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as old as 1815. To pay it therefore, in Interest or Principal, we do not want an Income, but an Old Property Tax. To omit the Debt, is to omit the only thing of importance : for if we were free from it, even the Colonial Empire would not weigh heavy upon us, nor all the countless wastefulness of our administration: nor should we hear complaints from our patient commercial and professional classes.
Moreover his second assumption is grossly untrue. The cost of protecting property is not at all in any fixed ratio to its annual value; nor has any one ever imagined this : but the reason for taxing people in that proportion has been for their presumed ability to bear it. Mr. Babbage says that a man may then “justly complain that he is taxed for being richer than another :” we reply, not justly. It is prima facie right that he should be taxed more because he is richer; although that is rendered obviously inexpedient where it would discourage self-denial and industry. The presumption that a man's ability to pay taxes increases in at least as high a ratio as his absolute wealth, appears to us a much closer approximation to truth, than that which asserts the cost of protecting property to follow that ratio.
Mr. Babbage's theory supposes each individual of a nation to be so isolated from the rest as to have no presumable interest in their welfare. Each, it seems, is to pay a sort of insurance on his own property, and his own only. Accordingly, any one who chose to decline the insurance and take the risk, ought to be at liberty to do so. This would be carrying the Voluntary Principle farther than has hitherto been proposed. Many have said that protection of person and property is the sole duty of government : Mr. Babbage however puts the person out of the question by a strangely satirical argument, (viz., that the magistrates and the legislature, when a poor man is erroneously imprisoned or transported, do not rate his loss very high !) and resolves the protection of property into so individual a thing, that each man's property is to be protected at his own cost. But society has great moral interests: all are concerned that all should be protected; the rich are interested in not allowing any class to be ground down by taxation, and this is of greater importance than Mr. Babbage's proposed Law, of which nothing practical, it seems to us, can be made, in respect to the general government.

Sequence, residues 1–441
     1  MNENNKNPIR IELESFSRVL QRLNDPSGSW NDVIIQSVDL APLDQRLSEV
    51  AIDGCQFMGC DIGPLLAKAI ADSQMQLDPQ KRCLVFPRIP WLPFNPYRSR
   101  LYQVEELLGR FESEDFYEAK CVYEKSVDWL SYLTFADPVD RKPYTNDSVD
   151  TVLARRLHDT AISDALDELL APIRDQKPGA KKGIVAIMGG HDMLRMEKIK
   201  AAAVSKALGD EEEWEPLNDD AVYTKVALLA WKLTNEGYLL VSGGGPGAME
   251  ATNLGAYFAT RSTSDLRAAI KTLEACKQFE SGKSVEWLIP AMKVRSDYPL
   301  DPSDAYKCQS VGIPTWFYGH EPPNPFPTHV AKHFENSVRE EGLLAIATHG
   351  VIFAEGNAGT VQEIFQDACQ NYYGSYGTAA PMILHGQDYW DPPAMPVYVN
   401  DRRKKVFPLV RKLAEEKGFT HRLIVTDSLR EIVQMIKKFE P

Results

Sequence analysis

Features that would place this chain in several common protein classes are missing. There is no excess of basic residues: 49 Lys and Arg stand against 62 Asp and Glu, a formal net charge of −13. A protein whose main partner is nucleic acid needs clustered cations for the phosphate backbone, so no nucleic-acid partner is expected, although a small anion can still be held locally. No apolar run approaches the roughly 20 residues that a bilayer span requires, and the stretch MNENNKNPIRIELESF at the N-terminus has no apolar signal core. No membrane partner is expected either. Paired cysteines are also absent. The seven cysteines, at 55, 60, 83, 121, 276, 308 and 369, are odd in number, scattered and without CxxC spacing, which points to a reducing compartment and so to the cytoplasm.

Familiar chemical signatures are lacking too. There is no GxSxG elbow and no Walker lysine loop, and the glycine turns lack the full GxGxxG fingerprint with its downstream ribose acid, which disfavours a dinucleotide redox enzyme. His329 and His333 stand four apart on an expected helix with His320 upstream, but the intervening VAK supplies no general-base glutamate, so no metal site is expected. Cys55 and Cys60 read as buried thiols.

On the other hand, the more the taxation can be thrown off from the general government on to localities, the better; because it strengthens political vitality, adds to the cheerfulness of contributions, and prevents times of Reform from producing dangerous excitement. This is certainly one application of Mr. Babbage's principle, to which no one can object : but local taxation has been guided by a better instinct than his in apportioning its burden. For the support of the poor, of the highways, of the police, the rates are levied, not according to men's total wealth, but according to the expensiveness of their dwelling. This is indeed sometimes oppressive,-as when the same house is at once the dwelling and the place of business, especially with shopkeepers in a spot where ground-rent is high; in which case the rates are a tax on the gross outgoings, not on the net expenditure. But when levied on what is strictly a dwelling-house, the tax appears as unobjectionable as any possible. Each man has to judge for himself at what rate he can prudently live; and to this sum the impost bears a pretty near approximation,-as it ought. Whatever is laid by goes to swell the permanent capital of the country, and will in due time be subjected to full demands. If our debt were disposed of, a judicious House Tax would well supersede all other Direct Taxation, except that on Building Land, which ought to be unsparingly heavy. Yet the aristocracy so managed that Peers’ villas used often to pay less housetax than Dolly's chophouse; so resolute are they not to touch our burdens with their little fingers.
But we have little heart to reason about any details, or any but the broadest principles, where it is certain that nothing will be done till our legislative machinery is remade, and men unshackled to precedent hold the helm of State. Let us hope that that may come speedily, and before the fate of France overtakes us.
Art. IV.–REFORMATION FROM WITHIN OR
FROM WITHOUT? D'AUBIGNE, RANKE, AND
1. History of the Great Reformation of the Sixteenth Cen
tury in Germany and Switzerland, &c. By J. H.
Merle D’Aubigné. Second Edition, 1840. 2. History of the Reformation in Germany. By Leopold
Ranke. Second Edition. Translated by Sarah Aus
tin. 1845. . 3. The Reformation in Europe. By Cesare Cantù. Trans
lated by Fortunato Prandi. Vol. I. 1847.
If the epoch of the Reformation produced a Luther, an Erasmus and a Contarini, we need not be surprised to meet in a subsequent era, among the historians of that Reformation, with a D’Aubigné, a Ranke, and a Cesare Cantù.